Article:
Dave Brock: Brockworld

Thought-provoking new solo work from the Hawkwind helmsman.

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Once in a blue moon Hawkwind mainman Dave Brock takes some time out from his day job to cook up a solo album.

Beginning with 1984’s Earthed To The Ground, he has produced a handful of releases that stylistically bounce back and forth between idiosyncratic experimentation and the sort of territory that Hawkwind fans will be wholly familiar with. His previous outing – 2012’s Looking For Love In The Lost Land Of Dreams – was well-received, and it seems as if the amusingly titled Brockworld (perhaps what you’d get if he opened his farm to the public and started charging for donkey rides) is set to follow suit.

Since Hawkwind debuted way back in 1970 – and probably well before that – Brock has shown a deep concern for Mothership Earth and the dark and dangerous destination that we as a species seem determined to drive her to. So it’s no surprise, then, that the same environmental anxiety rears its head here, particularly when we consider that Brock – at a sprightly 74 – has seen more mindless ecological destruction and societal disintegration than most of us.

A decidedly diverse collection that fits snugly together.

Musically, Brockworld traces the trajectory outlined above, and Hawkwind fans can get together with lovers of prog and psychedelia in general appreciation of the pot-scented potpourri on offer. Life Without Passion kicks things off with trademark hypnotic riffs and rhythms, pulsing bass lines and swirling synths, topped off with Brock’s distinctive vocals.

On the heavier side of things are the highly atmospheric Leviathans Of The Air, the weighty cosmic drama of Horizon, and the ominous Domain Of Those That Fly, the latter harking back to the High Rise scenario on Hawkwind’s 1979 concept album PXR5.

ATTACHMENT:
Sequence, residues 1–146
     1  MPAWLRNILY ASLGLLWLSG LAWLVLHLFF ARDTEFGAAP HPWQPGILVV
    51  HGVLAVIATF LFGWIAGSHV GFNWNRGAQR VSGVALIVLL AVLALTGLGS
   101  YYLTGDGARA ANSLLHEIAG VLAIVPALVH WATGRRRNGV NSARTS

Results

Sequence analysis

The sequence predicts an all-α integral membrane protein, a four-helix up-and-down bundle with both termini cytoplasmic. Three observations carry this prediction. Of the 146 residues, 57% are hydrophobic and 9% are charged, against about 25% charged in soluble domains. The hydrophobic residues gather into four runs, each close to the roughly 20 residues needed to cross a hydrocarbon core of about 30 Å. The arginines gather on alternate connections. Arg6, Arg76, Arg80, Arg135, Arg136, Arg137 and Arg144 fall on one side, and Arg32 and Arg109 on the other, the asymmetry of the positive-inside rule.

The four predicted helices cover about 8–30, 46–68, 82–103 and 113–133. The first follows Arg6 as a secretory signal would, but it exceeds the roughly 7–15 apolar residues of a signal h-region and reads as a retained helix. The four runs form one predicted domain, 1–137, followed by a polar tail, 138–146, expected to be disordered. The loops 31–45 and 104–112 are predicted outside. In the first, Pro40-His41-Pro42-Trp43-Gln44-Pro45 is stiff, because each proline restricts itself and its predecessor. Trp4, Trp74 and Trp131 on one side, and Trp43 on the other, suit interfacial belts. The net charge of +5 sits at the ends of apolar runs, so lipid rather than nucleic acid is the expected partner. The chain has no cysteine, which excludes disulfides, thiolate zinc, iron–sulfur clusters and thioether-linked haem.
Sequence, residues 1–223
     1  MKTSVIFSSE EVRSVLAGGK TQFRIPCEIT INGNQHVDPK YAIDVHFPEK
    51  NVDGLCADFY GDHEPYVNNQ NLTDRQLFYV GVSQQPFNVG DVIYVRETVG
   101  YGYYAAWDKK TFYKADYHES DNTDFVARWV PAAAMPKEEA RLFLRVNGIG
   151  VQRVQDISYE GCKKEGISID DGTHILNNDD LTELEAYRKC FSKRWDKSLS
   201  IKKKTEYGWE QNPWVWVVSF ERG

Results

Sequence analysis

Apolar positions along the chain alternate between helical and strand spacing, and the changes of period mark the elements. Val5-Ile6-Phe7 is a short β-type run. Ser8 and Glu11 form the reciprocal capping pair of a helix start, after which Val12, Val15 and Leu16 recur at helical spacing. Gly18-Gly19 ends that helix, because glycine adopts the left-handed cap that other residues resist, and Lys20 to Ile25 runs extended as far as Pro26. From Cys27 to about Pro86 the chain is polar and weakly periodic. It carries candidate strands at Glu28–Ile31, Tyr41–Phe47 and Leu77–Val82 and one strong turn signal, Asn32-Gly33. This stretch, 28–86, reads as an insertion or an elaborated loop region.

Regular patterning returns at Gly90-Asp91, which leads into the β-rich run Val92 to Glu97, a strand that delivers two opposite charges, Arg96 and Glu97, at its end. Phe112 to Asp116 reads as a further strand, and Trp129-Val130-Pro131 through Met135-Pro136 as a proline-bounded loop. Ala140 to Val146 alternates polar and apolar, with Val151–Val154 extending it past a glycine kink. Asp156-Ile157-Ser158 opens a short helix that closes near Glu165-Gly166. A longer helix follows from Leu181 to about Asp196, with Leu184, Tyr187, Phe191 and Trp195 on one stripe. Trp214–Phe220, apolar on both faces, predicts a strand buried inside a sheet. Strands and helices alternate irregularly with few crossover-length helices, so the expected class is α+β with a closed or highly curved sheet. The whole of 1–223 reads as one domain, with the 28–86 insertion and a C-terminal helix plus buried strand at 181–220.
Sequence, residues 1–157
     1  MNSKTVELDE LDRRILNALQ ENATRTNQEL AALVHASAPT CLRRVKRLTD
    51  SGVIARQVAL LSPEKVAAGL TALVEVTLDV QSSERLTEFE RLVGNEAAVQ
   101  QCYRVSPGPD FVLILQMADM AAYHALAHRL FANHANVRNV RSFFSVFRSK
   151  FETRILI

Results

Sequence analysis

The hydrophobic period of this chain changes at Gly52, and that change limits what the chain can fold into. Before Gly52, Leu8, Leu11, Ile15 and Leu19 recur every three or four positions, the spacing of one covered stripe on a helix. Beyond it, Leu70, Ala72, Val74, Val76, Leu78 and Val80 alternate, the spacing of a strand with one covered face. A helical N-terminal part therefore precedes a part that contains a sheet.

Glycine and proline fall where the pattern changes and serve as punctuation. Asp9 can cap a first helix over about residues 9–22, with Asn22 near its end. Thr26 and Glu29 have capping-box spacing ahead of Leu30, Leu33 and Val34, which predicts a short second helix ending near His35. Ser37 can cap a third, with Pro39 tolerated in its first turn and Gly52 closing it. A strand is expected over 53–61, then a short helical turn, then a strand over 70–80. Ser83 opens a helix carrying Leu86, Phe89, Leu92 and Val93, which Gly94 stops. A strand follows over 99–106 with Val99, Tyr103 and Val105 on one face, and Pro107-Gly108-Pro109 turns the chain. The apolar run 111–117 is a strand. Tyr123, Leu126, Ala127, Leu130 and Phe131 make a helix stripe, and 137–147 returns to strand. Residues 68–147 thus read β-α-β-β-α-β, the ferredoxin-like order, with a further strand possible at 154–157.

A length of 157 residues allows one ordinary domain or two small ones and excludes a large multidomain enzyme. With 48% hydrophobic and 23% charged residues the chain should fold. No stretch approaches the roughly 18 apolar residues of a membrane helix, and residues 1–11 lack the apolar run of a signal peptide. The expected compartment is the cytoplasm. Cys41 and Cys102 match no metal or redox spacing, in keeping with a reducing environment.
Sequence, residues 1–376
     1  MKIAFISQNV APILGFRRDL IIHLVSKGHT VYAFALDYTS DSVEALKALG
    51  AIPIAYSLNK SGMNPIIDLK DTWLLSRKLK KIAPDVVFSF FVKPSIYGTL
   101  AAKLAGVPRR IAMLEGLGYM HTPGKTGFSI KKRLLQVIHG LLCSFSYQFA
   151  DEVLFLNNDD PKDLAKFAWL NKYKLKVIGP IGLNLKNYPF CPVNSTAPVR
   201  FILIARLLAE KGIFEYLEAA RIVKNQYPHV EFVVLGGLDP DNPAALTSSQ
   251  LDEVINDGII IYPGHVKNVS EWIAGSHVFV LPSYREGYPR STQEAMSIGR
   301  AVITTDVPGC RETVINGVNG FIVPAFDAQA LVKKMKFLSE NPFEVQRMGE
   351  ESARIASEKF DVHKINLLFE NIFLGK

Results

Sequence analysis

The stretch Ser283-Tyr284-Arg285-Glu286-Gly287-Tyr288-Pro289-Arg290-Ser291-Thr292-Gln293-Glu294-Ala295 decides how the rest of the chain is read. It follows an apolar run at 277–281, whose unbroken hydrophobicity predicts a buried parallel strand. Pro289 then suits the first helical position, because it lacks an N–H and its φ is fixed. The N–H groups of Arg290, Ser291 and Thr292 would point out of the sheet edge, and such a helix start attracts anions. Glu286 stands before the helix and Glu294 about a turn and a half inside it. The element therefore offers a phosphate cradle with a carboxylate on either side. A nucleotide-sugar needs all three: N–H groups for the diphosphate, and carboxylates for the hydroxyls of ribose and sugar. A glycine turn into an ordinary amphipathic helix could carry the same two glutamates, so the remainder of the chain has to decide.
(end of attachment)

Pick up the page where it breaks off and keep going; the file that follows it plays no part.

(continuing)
Counterbalancing these are lighter interludes (musically speaking) such as the quirky Getting Old And A Single Man, or offbeat moments such as Unity and The Last Tango keep things interesting throughout. Throw in tracks such as the positively upbeat Falling Out Of Love, the frantic-cum-pastoral The Age Of Psychedelia, and proggy coda The Patient and you have a decidedly diverse collection that nonetheless sits snugly together.

Maybe some of the best ideas might have benefitted from being further fleshed out – 15 songs in 46 minutes is hardly testing the limits – but then again it’s refreshing to find an album like this not pushing 80-plus minutes simply because technology makes it possible. As for you and I and the rest of humanity – we have a predicament, not a problem, the difference being that predicaments don’t have a solution.

Mr Brock may well have figured this out.